How long will they last?
Typically, a customer will buy a packet of natural hair, which can be reused, if cared for correctly. Temporary clip-in extensions have a shelf life of up to two years, says Davies, while keratin bonds are the most durable and can be worn for between three to four months, if well maintained.
Tape extensions will need to be adjusted as the hair grows, typically every six to eight weeks; the same goes for LA weaves. Micro and nano bonds, however, can be worn for about two months straight before they need to be maintained, with the hair lasting for about six months before it needs to be replaced.
How do you look after them?
As with your natural hair, the better you look after extensions, the better their condition.
“Brush your hair regularly,” says Louise, who recommends using a Tangle Teezer brush to ensure you erase any knots without pulling at the bonds. “Invest in a good serum and use a hair mask or treatment on your extensions weekly.”
Leaving your extensions wet is a no-no, and you must always apply a heat protectant product before styling your hair with heat tools; as with your natural locks, extensions can suffer from frazzled, split ends, too. Davies advises using sulphate-free shampoo, as well as keeping clear of chlorine, saltwater and excessive sun exposure.
“Brush frequently from root to tip – this encourages natural oils from your scalp to protect the hair and prevent matting,” she says, adding that locks should be kept in a low ponytail or bun when sleeping, to keep them knot-free. “Always use the best-quality conditioner or hair mask for extensions, as the hair is not getting any nutrients from your scalp, so it needs extra-special conditioning.”
What should you avoid?
If it’s your first time getting extensions and you’re shopping around for a salon, beware of being lured in by images on social media. “Steer clear of salons that promote their work using photos from Google or Shutterstock; their work should speak for itself,” warn the stylists at That Hair Tho. “Also, good-quality hair comes at a price. If a deal seems too good to be true, then it probably is. In the long run it will cost you more to replace, and it will shed like crazy.”
Davies advises using only human hair, not synthetic strands, and recommends Great Lengths, Remi Cachet and Beauty Works as brands to try. “If the salon uses synthetic hair extensions, the end result will lack shine and not be as long-lasting or natural, so I would advise avoiding these salons,” Eid agrees.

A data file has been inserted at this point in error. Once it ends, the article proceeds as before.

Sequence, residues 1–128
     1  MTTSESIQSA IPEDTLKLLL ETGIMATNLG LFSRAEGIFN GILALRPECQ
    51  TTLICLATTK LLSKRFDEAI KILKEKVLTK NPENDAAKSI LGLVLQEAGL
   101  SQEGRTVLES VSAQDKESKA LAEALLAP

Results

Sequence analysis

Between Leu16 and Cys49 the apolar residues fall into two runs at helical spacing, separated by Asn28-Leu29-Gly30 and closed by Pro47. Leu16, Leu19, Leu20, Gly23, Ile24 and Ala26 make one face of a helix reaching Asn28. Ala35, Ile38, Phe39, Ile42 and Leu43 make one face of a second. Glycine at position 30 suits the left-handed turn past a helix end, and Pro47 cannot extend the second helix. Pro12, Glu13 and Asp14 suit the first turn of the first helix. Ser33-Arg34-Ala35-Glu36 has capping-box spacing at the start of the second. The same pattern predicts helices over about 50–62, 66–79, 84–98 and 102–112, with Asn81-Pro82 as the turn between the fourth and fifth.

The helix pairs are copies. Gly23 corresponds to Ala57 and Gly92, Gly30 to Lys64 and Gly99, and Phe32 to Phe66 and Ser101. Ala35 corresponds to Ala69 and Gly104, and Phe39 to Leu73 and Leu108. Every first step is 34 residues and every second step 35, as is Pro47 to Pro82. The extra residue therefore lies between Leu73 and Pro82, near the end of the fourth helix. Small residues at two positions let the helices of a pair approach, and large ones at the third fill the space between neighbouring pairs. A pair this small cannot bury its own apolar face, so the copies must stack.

Extensions should be professionally colour-matched to ensure a natural result, although the maintenance required to keep them in tip-top condition makes them quite a commitment for those who prefer to leave six months or more between salon appointments.
Warner adds: “If applied by an expert who colour-matches and blends the extensions with your own hair by cutting, colouring and styling them in the salon, your hair will never have looked better. Of course, the opposite is true, too – if they are applied incorrectly, you can cause severe damage to your hair, scalp and hair follicles.”
Are extensions ethical?
Another question to ask yourself is whether your extensions have been made ethically. The methods behind sourcing human hair can undoubtedly be rather murky, with some women coerced into donating their locks in pockets of extreme poverty. But UAE salons advise looking for trusted brands that strive to give back to communities. “Great Lengths is actually very ethical,” says Davies. “The hair is 100 per cent traceable and 100 per cent human. A fair and reasonable price is paid, and the money goes straight back into the local community.”
What should you do when you’ve had enough?
Lastly, once you’re ready to bid goodbye to your extensions, resist the temptation to yank them out at home as you risk seriously damaging your scalp and natural hair by doing so.
You should also pop in to see your stylist immediately if your own hair gets tangled and matted, Davies adds. Warner says extensions should not be left in for more than three months, reiterating: “Never try to remove extensions yourself – always visit an expert.”
Updated: September 28, 2019 11:17 AM